How the 'Grand Budapest's Oscar-Nominated Team Animated That Amazing Ski Chase

The Grand Budapest Hotel is the most ornate and intricate movie yet from famously meticulous filmmaker Wes Anderson. So it’s a bit ironic that one of the film’s most memorable scenes was the result of some last-minute experimentation.

Near the end of the Oscar-nominated film, which is set around a resort hotel in the fictional alpine republic of Zubrowka, our hero concierge Gustave (Ralph Fiennes) and his lobby boy Zero (Tony Revolori) engage in a high-stakes ski and bobsled chase with the gangster Jopling (Willem Dafoe). It’s one of the film’s most innovative scenes, thanks to the work of producer Jeremy Dawson (who is nominated for Best Picture) and production designer Adam Stockhausen, who got an Oscar nod for his elaborate work.

“When we first got the script, [that scene] was this big black hole,” Dawson told Yahoo Movies. “At one point Wes was like, ‘Maybe we’ll get a great place to shoot it…but we probably won’t do as good a job as James Bond would do.’”

The film, which was shot in Germany, hearkens back to a lost era of grand Central European design. Since many of those buildings were destroyed during the two World Wars, the exterior of the Grand Budapest was actually an ornate miniature. Dawson said that as they were designing the models they’d use for the hotel, the idea to use the same technique for the ski chase began to dawn on them.

The team experimented on a soundstage with some improvised sets and props, including little pine trees from a nursery and some white paper. “We took the camera and mounted it on a little skateboard wheel, and we pushed it through this series of trees,” Dawson explained. “We said, ‘This is just a guy testing in a warehouse, and it looks pretty cool.’”

Stop Motion Animation

After the test, Anderson and Co. decided that stop motion animation, which they used to great effect on 2009’s Fantastic Mr. Fox, would be a great way of getting the wide, bird’s-eye view shots (see above and below) that would be impossible to do with live-action.

Stockhausen’s team created realistic miniature sets that were actually very low tech and made from styrofoam, cotton, broomsticks and tree branches, which worked to support the intricate choreography designed by Anderson that took months to pull off.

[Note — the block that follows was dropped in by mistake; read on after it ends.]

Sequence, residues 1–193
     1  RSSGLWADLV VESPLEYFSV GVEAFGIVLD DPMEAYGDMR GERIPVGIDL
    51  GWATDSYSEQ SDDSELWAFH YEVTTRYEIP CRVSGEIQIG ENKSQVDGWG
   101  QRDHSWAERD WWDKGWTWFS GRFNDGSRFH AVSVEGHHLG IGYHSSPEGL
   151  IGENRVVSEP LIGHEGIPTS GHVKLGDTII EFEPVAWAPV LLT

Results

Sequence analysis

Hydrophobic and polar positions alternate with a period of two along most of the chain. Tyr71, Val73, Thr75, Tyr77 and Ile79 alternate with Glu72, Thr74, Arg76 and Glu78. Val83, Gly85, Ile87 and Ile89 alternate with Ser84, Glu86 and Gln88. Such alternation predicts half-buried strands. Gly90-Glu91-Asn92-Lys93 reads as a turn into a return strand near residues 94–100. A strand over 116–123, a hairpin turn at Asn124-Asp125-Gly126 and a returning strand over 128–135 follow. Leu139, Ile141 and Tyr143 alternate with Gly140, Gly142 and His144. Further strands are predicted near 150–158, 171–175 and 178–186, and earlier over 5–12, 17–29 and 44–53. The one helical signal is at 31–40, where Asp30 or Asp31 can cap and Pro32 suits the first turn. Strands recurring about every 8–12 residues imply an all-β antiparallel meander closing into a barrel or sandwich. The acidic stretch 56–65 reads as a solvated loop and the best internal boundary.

They also made miniature versions of the ski trams, the mountaintop observatory, and the ski jump. Overall, along with the exterior of the hotel and other models, there were over 20 miniatures in the entire film.

On set with the miniatures, The Wes Anderson Collection, Abrams Books

The stop motion was set against video taken out in the Alps, shot from a helicopter by one of Dawson’s assistants. “That was some of the deep deep backgrounds,” he said. “We shot everything on white and we were able to add a little bit of mountains, which were composited in the background of the animation of the skiers.”

“Wes was very specific, he’d say, ‘When the skier jumps out of the trench he’d do a shimmy and he does a little side-step,’” Dawson remembered. “We had to animate all that and each of it is done frame by frame. We had a guy working animating for probably a month, just animating those pieces in a basement in London.”

The Live-Action Shots

Supplementing the miniatures and stop motion were live-action shots of the actors on skis (Dafoe) and in a sled (Fiennes and Revolori). The design team made larger sets, up to about ten-feet long, where the performers could simulate downhill racing in front of a moving camera.

Those dead-on shots were then given the miniature background plates and mountain video composite backgrounds, to add some consistency.

“There wasn’t one consistent scale for each shot,” Stockhausen said. “The determining factors for it were really the camera necessity; for instance with the bobsled tunnel, the physical space, that can only get so small because the camera has a certain size to it. The bobsled run is in a comparatively much larger scale than the ski jump.”

Planning for the miniatures began right after Christmas in 2012 and shooting continued until June. Add on more months of post production and frame-by-frame animation, plus the special attention that Anderson paid to tiny details like the splintering of the skis, and the short sequence ended up taking almost a year to complete.

“Probably Wes could see it in his mind’s eye, but even me, coming from a visual effects background, I was like, ’Okay, are we doing something that we’re just going to have to re-do?’” Dawson said. "But it came together so well, I was really happy with how it gelled as a final result.“

Photo credit: Grand Budapest Hotel © 2014 Twentieth Century Fox Film Corporation